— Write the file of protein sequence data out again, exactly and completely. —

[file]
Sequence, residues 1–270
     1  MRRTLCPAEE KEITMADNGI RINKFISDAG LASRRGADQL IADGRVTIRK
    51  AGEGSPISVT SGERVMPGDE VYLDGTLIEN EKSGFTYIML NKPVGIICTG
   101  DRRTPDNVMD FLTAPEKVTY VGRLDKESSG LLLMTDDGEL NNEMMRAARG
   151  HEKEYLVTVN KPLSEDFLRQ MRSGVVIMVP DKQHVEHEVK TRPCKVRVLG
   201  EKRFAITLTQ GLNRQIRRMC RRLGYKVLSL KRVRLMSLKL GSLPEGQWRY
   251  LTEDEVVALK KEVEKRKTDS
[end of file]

Sequence, residues 1–270
     1  MRRTLCPAEE KEITMADNGI RINKFISDAG LASRRGADQL IADGRVTIRK
    51  AGEGSPISVT SGERVMPGDE VYLDGTLIEN EKSGFTYIML NKPVGIICTG
   101  DRRTPDNVMD FLTAPEKVTY VGRLDKESSG LLLMTDDGEL NNEMMRAARG
   151  HEKEYLVTVN KPLSEDFLRQ MRSGVVIMVP DKQHVEHEVK TRPCKVRVLG
   201  EKRFAITLTQ GLNRQIRRMC RRLGYKVLSL KRVRLMSLKL GSLPEGQWRY
   251  LTEDEVVALK KEVEKRKTDS